August 5: Which RPG cover best captures the spirit of the game? I missed this one on Twitter, but I do have an answer. Burning Wheel best captures the spirit of the game, and it’s not just the cover, it’s the form factor of the entire book. Burning Wheel looks a bit like an ancient tome, inviting you in to read and discover its secrets. The entire game is built around this idea of continual mastery and advancement, both for players and for characters, and starting it with this mysterious, nearly illuminated book is extremely evocative.

August 6: You can game every day for a week. Describe what you’d do! I said start an involved game, but let me specify. I’d want a game where having a number of sessions back to back allows for rapid character and story development. Both GURPS and Burning Wheel could provide enough detail that I could set some groundwork and then after that week come back to a very well-developed campaign.

August 7: What was your most impactful RPG session? The two I listed were Seamus’ Masks one-shot, and my session zero for my online group’s low-quorum Apocalypse World game. The Masks session broke into dramatic play, a playstyle I admittedly had no faith in our group to pull off (I loved being proven wrong, though). The Apocalypse World session was wonderful in that I saw the gears turning in players’ heads regarding player-facing play. I hope to replicate that sort of play in many of my games, but that “ah-ha” moment was beautiful.

August 8: What is a good RPG for sessions of two hours or less? There’s really only two requirements: your players already have their prep done (rules knowledge and character generation), and there are as few rules transitions as possible. Games without demarcated combat or with very quick combat work well, as do very structured games like Torchbearer where you can play a few turns and then leave off very easily.

August 9: What is a good RPG to play for about ten sessions? My answer here is PbtA, specifically Apocalypse World. The PbtA advancement arc tends to last ten sessions, and actually crossing a bridge to a new arc is tough. Those ten sessions are great, though. While I’ve read and played a number of PbtA games, I find that Apocalypse World is still one of if not the best in terms of balancing player freedom with genre simulation, as well as still being the best example of the ideal PbtA “conversation” playstyle.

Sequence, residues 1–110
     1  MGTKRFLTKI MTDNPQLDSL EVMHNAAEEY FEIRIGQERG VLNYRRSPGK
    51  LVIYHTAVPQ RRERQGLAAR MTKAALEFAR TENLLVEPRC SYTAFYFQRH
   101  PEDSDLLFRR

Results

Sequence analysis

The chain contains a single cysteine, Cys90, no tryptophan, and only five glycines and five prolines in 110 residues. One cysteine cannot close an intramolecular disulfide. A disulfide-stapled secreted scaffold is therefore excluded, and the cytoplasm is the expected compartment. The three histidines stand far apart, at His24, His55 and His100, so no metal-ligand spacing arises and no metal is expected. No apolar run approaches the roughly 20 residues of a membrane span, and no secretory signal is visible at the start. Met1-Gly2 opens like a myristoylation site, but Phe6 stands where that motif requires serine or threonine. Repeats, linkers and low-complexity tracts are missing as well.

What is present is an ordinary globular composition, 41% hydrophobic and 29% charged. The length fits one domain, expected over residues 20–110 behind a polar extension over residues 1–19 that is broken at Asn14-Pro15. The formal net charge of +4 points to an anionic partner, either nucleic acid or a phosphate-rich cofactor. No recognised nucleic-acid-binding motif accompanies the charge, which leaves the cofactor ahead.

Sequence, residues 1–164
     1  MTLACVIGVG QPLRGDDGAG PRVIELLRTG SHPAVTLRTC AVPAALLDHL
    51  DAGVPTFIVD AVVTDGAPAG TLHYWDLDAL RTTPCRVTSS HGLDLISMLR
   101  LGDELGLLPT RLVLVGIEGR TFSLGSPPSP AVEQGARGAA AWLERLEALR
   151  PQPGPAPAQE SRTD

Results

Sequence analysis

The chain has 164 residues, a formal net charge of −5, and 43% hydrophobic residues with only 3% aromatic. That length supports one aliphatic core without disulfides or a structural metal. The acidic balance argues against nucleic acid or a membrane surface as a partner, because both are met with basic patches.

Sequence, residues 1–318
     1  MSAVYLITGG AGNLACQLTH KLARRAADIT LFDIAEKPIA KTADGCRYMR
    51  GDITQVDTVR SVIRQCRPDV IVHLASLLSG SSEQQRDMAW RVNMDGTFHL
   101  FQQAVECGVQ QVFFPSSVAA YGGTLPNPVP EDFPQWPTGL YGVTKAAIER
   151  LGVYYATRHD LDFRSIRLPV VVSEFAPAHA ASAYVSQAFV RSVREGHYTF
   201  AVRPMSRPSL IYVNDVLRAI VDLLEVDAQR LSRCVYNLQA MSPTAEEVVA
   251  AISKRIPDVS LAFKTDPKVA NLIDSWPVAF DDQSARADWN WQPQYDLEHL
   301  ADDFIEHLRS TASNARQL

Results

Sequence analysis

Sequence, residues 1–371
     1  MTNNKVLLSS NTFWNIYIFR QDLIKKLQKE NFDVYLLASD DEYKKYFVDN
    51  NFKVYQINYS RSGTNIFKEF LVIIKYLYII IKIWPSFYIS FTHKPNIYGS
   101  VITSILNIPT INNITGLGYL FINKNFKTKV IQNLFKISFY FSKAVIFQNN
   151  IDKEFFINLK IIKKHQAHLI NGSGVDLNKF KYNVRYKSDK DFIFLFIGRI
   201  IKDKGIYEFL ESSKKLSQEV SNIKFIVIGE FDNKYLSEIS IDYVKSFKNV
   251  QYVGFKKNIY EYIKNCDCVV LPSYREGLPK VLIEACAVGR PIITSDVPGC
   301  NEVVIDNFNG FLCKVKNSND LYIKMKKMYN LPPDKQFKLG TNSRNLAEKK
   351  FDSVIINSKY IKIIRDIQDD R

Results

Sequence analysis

August 10: Where do you go for RPG reviews? As I said online, no one source. Being a blogger myself, I know how many good resources are out there, and tend to engage with Google or social networks to find them. While I sometimes read RPGnet reviews, I find that they either don’t cover games I’m interested in, or cover them from a very strange perspective.

Like before, most of my answers are on Twitter, where I’m @LevelOneWonk. Looking forward to continuing the month.

roleplaying games

RPG a Day, part 1

RPG a Day is now in its fourth year, after a blogger called Autocratik started the whole kit and caboodle to encourage positivity within in the hobby. Now, as a (semi) recognized game commentator and finally active Twitter user, I’ve decided to give it a go this year. I’ll be posting days in review once a week, here are my posts for August 1-3.

August 1st: Which published RPG would you like to be playing right now?

The answer I gave on Twitter is Burning Wheel. Burning Wheel is my ultimate “favorite game I’ve never played”, where both the level of rules depth as well as the highly player-facing gameplay style makes introducing the game to a group that’s never played it really daunting. Fortunately, I’m inching closer to my goal of either playing or running Burning Wheel. I’ve decided my low-quorum game for my online group will be Torchbearer, which is a Burning Wheel derivative. Similarly, for in-person players, I’ve decided that, after expending a lot of effort to try and get a group together, that said effort isn’t really worth it unless I’m running a game I really want to run. Therefore, if I’m going to get an in-person game going, it will be in Burning Wheel.

August 2nd: What is an RPG you would like to see published?

I gave two answers to this: first, a dedicated exploration game. My idea is to take the PbtA philosophy of “play to find out what happens”, and make it into the whole geography of the game. The game would continually increase in complexity and challenge as the map gets bigger, and the players would both benefit from more resources and opportunities as well as face ever greater opposition. I’m actually planning a game like this for my online group, though using a published system.

My other answer was a Burning Wheel derivative. While there have been several fantasy derivatives and a sci-fi one (Burning Empires), I think that the structure of Burning Wheel could make for some really interesting gameplay opportunities in a largely modern context. The two examples I offered on Twitter were “Burning Cyberpunk” (which Adam Koebel of Dungeon World fame has also professed interest in) and “Burning Supers”, which is basically 100% inspired by the notion of superhuman melodrama a la Masks.

August 3rd: How do you find out about new RPGs?